Bell 202 is a quite old modem standard that is still used today in amateur radio for data transmission over VHF (Packet Radio and APRS) and industrial automation (HART). It is a very simple FSK modem. The speed is limited to 1200 baud, which makes it very easy to implement on any small microcontroller. My implementation is built on top of sinewave generator code for XMEGA described in a previous post.
The XMEGA is quite a leap from the “classic” AVRs. Some of the interesting features are the DAC and DMA. When combined, they can be used to generate all kinds of useful signals in the audio range.
This example uses the DAC, DMA, timer and event system to generate 1200 Hz and 2200 Hz sinewaves. I’ll show how to make a Bell 202 modem (think: APRS and AX.25) in another post.
Continue reading “Making sinewaves with XMEGA DAC”
Most popular microcontrollers come with IDEs and tools provided by the manufacturer, like NXP, STM, TI or Silicon Labs. IDEs are commonly based on Eclipse and creating a project for almost any chip in those IDEs is usually just a click away, so why would you ever want to make such a project from scratch, gather all header files, libraries and scripts? Read to find out why and how 🙂
Continue reading “EFM32 Cortex-M firmware project from scratch – step by step”
I use Git for version control of all my projects. Every repository of course has many branches that I try to systematize like: stable, devel, experimental, per-feature etc. Many times I have run into the problem of committing my changes to the branch I did not intended to. Git shows you the branch and changed files when entering the commit message, but when you do that 50 times a day you are doomed to loose focus (and commit your experimental stuff into a stable branch 🙂 ).
My solution to this problem is a simple pre-commit hook that reads the name of the branch and prompts for confirmation, if the name of the branch is on a watchlist.
Continue reading “Git – confirmation before commit”
Most STM32 microcontrollers feature an internal EEPROM. It is useful for storing settings or calibration data. Regular flash (that stores code) can also be used, but the EEPROM can be updated byte-by-byte and is independent from regular flash. This may come handy during application updating, as whole flash can be simply erased without affecting the EEPROM.
I wrote a generic driver for keeping settings in the EEPROM based on the standard peripherals library for STM32L, that is easier to understand than the official demos from ST. It was tested on an STM32L151RC.
Continue reading “Using the internal EEPROM of STM32L”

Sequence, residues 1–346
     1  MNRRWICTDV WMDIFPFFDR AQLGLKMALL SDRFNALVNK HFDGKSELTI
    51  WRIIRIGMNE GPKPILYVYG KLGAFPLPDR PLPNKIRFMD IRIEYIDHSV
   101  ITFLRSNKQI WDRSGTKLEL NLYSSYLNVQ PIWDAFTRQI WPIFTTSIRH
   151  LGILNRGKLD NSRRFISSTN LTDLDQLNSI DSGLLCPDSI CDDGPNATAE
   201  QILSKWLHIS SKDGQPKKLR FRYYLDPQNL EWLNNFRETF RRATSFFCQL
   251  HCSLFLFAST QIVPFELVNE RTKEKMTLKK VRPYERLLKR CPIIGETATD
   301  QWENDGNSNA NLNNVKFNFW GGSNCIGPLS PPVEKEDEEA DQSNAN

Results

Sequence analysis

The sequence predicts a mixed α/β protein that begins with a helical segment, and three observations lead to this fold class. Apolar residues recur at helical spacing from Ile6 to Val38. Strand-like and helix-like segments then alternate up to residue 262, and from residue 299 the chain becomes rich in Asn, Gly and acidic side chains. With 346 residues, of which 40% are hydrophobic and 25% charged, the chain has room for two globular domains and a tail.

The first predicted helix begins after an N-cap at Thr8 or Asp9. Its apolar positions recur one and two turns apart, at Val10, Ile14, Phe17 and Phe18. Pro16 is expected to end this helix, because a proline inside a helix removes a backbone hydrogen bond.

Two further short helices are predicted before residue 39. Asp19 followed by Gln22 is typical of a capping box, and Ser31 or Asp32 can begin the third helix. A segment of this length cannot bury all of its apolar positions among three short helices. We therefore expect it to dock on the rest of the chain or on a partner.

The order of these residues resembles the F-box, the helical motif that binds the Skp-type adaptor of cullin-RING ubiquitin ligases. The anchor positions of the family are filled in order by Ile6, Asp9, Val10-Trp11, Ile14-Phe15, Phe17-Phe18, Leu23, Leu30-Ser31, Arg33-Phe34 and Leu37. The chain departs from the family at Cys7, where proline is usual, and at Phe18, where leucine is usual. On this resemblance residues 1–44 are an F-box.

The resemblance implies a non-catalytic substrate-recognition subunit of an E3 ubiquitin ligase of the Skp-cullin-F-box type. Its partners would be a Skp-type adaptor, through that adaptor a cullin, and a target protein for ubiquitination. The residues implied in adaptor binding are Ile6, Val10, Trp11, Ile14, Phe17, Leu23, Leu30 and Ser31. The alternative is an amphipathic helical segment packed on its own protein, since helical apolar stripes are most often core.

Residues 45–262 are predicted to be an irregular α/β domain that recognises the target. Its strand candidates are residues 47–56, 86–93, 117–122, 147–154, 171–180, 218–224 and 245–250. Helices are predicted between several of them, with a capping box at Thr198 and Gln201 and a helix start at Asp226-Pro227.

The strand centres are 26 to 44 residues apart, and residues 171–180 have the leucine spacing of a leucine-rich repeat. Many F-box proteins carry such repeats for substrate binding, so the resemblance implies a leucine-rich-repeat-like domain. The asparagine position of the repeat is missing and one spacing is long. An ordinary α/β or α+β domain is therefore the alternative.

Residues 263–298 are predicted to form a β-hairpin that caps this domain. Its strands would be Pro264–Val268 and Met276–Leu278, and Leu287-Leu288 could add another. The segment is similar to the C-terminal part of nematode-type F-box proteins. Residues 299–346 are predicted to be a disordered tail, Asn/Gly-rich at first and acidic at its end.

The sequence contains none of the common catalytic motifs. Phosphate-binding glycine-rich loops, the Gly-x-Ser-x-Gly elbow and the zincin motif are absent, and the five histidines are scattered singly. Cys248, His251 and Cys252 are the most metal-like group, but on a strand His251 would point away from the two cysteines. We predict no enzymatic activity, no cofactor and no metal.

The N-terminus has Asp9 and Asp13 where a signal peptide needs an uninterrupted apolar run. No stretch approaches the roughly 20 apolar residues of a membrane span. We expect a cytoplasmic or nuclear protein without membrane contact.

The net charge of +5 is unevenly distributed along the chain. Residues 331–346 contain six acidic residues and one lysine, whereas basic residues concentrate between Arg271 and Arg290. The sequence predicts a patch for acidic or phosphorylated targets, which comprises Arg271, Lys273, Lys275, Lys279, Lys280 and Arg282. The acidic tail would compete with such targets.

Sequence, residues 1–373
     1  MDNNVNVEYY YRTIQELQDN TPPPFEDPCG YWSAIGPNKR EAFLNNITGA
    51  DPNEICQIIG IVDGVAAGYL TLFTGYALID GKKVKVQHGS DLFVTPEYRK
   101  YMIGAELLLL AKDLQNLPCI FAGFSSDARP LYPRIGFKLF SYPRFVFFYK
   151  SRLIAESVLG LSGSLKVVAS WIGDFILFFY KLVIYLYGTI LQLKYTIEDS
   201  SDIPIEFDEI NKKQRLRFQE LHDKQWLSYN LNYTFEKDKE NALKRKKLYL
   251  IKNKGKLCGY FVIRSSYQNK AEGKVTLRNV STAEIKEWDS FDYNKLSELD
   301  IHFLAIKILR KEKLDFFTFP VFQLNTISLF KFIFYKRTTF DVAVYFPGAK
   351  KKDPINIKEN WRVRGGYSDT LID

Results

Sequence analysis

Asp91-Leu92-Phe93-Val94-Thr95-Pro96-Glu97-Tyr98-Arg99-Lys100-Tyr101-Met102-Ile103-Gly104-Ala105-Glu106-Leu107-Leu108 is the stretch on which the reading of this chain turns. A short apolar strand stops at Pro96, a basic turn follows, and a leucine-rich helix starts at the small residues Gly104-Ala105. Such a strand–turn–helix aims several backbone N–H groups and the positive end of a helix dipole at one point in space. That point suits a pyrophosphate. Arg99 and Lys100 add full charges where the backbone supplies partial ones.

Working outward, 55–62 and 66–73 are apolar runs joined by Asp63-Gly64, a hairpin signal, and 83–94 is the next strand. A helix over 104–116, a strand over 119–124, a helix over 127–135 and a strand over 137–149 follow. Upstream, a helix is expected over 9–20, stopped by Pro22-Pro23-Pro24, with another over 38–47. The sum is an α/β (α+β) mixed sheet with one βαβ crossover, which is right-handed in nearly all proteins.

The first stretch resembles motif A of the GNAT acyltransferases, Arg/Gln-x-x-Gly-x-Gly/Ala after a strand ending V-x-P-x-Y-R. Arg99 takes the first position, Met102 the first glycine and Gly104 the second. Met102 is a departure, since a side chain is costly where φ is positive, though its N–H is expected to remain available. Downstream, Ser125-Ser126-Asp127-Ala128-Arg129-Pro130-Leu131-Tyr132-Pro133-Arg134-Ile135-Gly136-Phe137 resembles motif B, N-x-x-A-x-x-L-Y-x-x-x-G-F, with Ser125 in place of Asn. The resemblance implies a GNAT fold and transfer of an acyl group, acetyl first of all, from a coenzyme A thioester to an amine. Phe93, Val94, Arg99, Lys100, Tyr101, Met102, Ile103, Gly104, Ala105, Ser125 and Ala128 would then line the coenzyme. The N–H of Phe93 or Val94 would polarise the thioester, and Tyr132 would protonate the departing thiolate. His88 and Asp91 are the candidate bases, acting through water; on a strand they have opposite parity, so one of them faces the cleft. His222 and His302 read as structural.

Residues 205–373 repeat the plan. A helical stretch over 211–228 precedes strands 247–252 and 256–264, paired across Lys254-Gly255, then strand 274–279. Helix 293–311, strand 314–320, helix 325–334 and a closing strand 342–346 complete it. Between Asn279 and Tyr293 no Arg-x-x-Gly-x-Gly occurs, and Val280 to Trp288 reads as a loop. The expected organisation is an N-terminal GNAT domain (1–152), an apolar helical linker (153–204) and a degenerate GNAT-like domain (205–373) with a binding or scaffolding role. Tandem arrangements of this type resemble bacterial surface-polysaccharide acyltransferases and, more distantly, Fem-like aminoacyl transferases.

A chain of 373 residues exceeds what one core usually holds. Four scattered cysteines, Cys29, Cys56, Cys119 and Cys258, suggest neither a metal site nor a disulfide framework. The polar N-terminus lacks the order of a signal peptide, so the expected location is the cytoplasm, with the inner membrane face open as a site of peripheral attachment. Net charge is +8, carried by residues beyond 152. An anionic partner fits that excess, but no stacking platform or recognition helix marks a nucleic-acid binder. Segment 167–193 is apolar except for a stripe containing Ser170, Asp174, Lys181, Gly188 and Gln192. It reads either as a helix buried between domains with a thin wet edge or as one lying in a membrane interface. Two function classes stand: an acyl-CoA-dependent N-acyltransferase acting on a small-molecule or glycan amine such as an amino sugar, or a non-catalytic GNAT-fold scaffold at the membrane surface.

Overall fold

This is a fully open-source car datalogger that reads engine data using the OBD2 interface in real time and stores it on an SD card. It also stores GPS data. All communication is done directly by the MCU without a translator chip like ELM327 or STN1110. The datalogger supports all CAN and K-Line OBD2 protocols. All hardware fits into an off-the-shelf OBD2 connector enclosure.
This project is available on Github.
Continue reading “Open OBD datalogger”
While working on a bootloader for a Kinetis KE06 I obviously ran in to the task of having to write the internal flash memory of the microcontroller. Freescale’s driver is over 1500 lines of code, exposes every single bit of the flash controller so the simple operation of erasing a sector and writing to it requires many function calls. I wrote my own driver that is less than 200 lines of code and has everything needed to make a bootloader.
Continue reading “Kinetis E – writing to internal flash”
I bought a pair of ePaper displays from Waveshare with the intent to use them in a wireless sensor network for displaying slowly changing data. The reference code from Waveshare is quite clunky and not so easy to re-use, so I made my own small, portable graphics library and display driver (with ARM Cortex-M in mind).
Microcontroller systems with graphical displays require a way to display text. In case of alphanumeric displays (like HD44780) it is easy – just send your ASCII bytes to the display. Graphical displays operate on individual pixels, so firmware must generate the graphics and texts on the fly.
In this post I show the complete multi-step process from a TrueType (.ttf) font file to autogenerated C code that can be used by a graphics library to display texts on a microcontroller. All code (including the embedded graphics library) is available on Github.
Continue reading “Making graphics and fonts for embedded systems”